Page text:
My cat is destroying my house with her marking.

selpats

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I am desperate for help! I've had my female cat since she was 10 weeks old. She's now 10. A few years back, I was living with my parents after graduating college. My cat starting marking on the carpet, something she had never done before, shortly after my sister's cat peed on our stairs. I spent $100s of dollars getting every test run at the vet, buying different products/medications, etc. I tried everything, and I could not get her to stop. I eventually moved into an apartment with my boyfriend, who already had a cat. We lived there for a year, and my cat never marked there, even when when our other cat got a UTI and had a few accidents on our carpet. Last year, we bought a house. When the weather started getting warmer last Spring, there was a horrid cat pee smell coming from the room we keep our cat boxes in. We could not figure out why the smell was so horrible. As I'm sure you can guess, we finally discovered last month that one of the cats was peeing on the carpet, and after setting up a camera, discovered it was my cat. I immediately took her to the vet to see if she had a UTI, and she did not. Given that she has done this before, her vet believes this is behavioral. We ended up having to tear up the carpet in that room, and the amount of urine against one wall was SATURATED. It was horrible. I bought her a calming collar, and we replaced the carpet in that room with wood laminate flooring. I also purchased another litter box, in addition to the 2 we already had, in the hopes that giving her more options would help. Despite all this, I discovered this afternoon that she is now peeing inside a bookshelf and next to the bookshelf in our living room. We shampooed the carpet and cleaned the bookshelf with an enzymatic cleaner, but given her track record, I'm not hopeful this will make her stop.

The situation is this: Financially, we do not have extra money to pour into renovating the damages she is costing us. I also lost my job in January, and while I have since found another one, the small savings I did have is completely gone. I don't have money to run more tests at the vet, to buy more gimmicks/products, and I especially do not have $1000s of dollars to renovate my home when she destroys every room in my house. In addition to that, my boyfriend is at his wits end. He has told me that if we catch her doing it again, I have to find somewhere for her to go. While this upsets me gravely, I understand that we cannot risk our livelihoods and everything we've worked hard for, for a cat.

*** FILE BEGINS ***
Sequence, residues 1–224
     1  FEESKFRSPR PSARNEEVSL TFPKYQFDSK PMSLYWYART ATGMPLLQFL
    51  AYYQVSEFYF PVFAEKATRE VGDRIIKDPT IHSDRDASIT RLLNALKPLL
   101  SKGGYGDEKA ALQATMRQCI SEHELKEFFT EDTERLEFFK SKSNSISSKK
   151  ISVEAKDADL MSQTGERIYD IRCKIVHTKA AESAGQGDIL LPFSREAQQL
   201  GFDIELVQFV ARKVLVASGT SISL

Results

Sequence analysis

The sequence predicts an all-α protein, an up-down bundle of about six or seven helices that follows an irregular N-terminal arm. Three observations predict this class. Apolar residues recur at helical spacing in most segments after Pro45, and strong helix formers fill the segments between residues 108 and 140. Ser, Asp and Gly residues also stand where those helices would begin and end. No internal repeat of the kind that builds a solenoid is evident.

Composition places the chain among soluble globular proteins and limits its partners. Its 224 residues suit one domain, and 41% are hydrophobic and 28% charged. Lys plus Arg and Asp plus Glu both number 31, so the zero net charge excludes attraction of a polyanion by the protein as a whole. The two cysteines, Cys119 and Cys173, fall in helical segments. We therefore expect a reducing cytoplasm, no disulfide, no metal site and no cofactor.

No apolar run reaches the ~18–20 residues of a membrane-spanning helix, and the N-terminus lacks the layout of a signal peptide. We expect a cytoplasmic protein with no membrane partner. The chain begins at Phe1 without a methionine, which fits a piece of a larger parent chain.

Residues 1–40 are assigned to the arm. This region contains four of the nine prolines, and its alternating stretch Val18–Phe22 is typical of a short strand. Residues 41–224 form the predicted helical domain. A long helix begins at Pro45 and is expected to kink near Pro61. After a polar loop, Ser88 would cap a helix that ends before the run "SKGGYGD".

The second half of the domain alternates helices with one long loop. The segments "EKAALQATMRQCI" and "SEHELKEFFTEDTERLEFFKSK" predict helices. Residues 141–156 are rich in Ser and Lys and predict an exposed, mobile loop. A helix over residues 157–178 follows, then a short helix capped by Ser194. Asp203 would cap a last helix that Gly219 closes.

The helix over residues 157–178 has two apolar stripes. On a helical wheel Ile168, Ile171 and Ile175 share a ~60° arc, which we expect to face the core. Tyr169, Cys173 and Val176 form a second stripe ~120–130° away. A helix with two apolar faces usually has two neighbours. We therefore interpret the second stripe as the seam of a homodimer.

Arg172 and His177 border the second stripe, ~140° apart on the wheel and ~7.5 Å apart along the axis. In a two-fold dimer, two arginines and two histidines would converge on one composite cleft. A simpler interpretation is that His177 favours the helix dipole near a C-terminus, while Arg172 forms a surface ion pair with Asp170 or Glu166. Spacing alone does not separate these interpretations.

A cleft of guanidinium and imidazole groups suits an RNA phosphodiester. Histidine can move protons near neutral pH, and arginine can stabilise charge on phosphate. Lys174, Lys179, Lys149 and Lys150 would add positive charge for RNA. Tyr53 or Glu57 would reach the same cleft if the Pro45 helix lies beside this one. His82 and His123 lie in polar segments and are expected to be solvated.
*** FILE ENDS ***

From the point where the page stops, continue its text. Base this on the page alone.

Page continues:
I love my cat. She is sweet and friendly, and has been my little buddy for the last decade. She is very attached to me, and the thought of abandoning her in shelter makes me sick. Even if I were to bring her to a shelter, I do not think that she is adoptable. In addition to the marking, she is also an older cat with a heart condition, which requires daily medication. I guess I don't have high hopes that many people will want to adopt an elderly cat with a heart condition who was surrendered because she pees outside the litter box. I'm worried she will spend the rest of her life in a shelter, and I worried her vet might recommend that it would be kinder to put her down.

As I said, I am desperate. Has anyone ever been in a similar situation? Is there anything I can do to save my cat?
 

MissClouseau

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How many litterboxes are there? Are there all the same or different kinds? Do you clean daily or after every use? Some cats do not use the litterbox if there is any smell in it.

If it is behavioral, have you noticed any pattern between the times she did this? Could it be boredom -- as you say it stopped when she had a feline companion? Could it be stressed, was there anything like tension in the house not necessarily from you but maybe a sound coming from outside? Because to fix the problem, you need to first understand the reason.